PhD student in reproductive physiology and hatchery science of catfish - USA
Thursday, July 23, 2020
A PhD graduate student position is available at Auburn University that will be hosted by the Aquatic Reproductive Physiology laboratory.
The catfish industry (largest food-fish industry in the USA) has been challenged by international competitors, rising feed, and fuel costs. Management strategies are being implemented by farmers to deal with these issues. Another issue evolves around viable and inconsistent production of hybrid catfish (accounts for greater than 50% of catfish harvest) fry. Thus, the current project is a unique opportunity to unravel physiological and molecular mechanisms of sperm function for optimizing in vitro fertilization and early offspring production.
This PhD project will involve experimental laboratory studies (80%) and fieldwork (20%) in collaboration with Rex Dunham (SFAAS) and Luke Roy (SFAAS). Specifically, projects may focus on:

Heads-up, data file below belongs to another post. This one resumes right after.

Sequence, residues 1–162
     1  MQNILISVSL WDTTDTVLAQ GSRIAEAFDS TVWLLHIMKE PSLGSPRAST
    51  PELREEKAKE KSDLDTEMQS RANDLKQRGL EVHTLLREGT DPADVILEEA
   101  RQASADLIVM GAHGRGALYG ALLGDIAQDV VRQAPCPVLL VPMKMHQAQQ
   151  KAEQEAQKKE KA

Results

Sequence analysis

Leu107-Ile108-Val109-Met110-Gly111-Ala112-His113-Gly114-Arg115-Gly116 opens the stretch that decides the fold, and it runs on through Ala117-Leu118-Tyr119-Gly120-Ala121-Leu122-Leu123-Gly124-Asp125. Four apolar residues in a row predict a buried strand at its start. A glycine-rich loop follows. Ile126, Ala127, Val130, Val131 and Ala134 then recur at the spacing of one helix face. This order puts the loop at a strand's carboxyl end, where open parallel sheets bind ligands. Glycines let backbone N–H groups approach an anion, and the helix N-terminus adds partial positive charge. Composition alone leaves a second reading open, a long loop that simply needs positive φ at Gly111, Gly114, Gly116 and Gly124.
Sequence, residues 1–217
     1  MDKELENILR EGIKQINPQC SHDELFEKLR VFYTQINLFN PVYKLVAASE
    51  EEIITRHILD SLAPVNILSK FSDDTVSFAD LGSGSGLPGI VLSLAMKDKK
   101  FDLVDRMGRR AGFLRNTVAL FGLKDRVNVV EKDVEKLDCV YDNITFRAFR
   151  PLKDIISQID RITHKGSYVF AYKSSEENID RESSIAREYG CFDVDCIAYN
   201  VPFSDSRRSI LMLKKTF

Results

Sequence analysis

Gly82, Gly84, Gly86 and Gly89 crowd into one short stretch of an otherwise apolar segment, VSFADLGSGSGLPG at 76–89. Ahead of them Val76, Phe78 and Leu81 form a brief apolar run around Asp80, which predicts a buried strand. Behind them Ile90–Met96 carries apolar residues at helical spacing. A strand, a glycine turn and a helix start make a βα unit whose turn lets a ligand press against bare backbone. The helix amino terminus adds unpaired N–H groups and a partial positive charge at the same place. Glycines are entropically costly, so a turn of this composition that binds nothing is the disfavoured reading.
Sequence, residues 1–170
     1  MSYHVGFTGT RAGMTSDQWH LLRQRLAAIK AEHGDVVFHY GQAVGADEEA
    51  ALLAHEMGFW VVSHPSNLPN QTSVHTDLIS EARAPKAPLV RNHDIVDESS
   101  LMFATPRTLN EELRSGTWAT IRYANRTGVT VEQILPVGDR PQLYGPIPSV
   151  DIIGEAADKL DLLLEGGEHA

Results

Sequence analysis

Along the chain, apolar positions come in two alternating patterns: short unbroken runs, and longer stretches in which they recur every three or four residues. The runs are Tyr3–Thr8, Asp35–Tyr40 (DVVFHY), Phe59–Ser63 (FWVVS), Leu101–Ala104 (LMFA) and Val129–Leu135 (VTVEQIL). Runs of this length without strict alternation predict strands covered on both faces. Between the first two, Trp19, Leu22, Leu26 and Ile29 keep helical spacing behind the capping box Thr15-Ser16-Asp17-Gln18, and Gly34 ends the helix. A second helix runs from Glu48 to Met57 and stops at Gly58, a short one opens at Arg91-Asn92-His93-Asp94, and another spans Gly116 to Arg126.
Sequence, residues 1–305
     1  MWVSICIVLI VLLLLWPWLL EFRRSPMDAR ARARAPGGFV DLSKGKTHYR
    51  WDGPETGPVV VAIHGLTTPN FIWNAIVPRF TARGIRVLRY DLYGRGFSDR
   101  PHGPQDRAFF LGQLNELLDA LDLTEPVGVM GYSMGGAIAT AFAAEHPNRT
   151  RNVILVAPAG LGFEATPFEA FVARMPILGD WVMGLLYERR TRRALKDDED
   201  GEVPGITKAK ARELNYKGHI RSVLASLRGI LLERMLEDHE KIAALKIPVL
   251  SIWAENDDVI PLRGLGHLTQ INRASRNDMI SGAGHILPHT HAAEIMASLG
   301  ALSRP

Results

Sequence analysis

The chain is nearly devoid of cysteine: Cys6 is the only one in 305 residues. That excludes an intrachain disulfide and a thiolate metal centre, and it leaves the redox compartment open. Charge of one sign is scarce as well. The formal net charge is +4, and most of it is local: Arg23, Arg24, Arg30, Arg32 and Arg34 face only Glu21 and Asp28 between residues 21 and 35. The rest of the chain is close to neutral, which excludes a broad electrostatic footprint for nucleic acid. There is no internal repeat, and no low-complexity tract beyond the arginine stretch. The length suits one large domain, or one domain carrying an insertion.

- Cellular organization of the testis and spermatogenesis.
- Physiological and molecular mechanisms regulating sperm form and function.
- Standardization of hybrid catfish hatchery techniques.
- MSc degree in biology or a similar degree.
- Knowledge of aquaculture and fish physiology.
- Proven ability to carry out goal-oriented work and fluent with data management systems (i.e. Excel, Word, statistical analysis).
- Lab competence in molecular biology (e.g. DNA/RNA extraction, gene expression) and/or physiology(e.g. flow cytometry, molecular probes) would be considered an asset.
- Bioinformatic experience (programming in R, Unix) is also an asset but can be learned within the program.
- Practical husbandry experiences with aquatic organisms will be an asset.
- Good co-operation ability.
- Ability to obtain US driver’s license and vehicle, as the research station is off campus.
Submit cover letter, CV and unofficial transcripts and GRE scores to firstname.lastname@example.org by August 10, 2020. Start date is January 2021.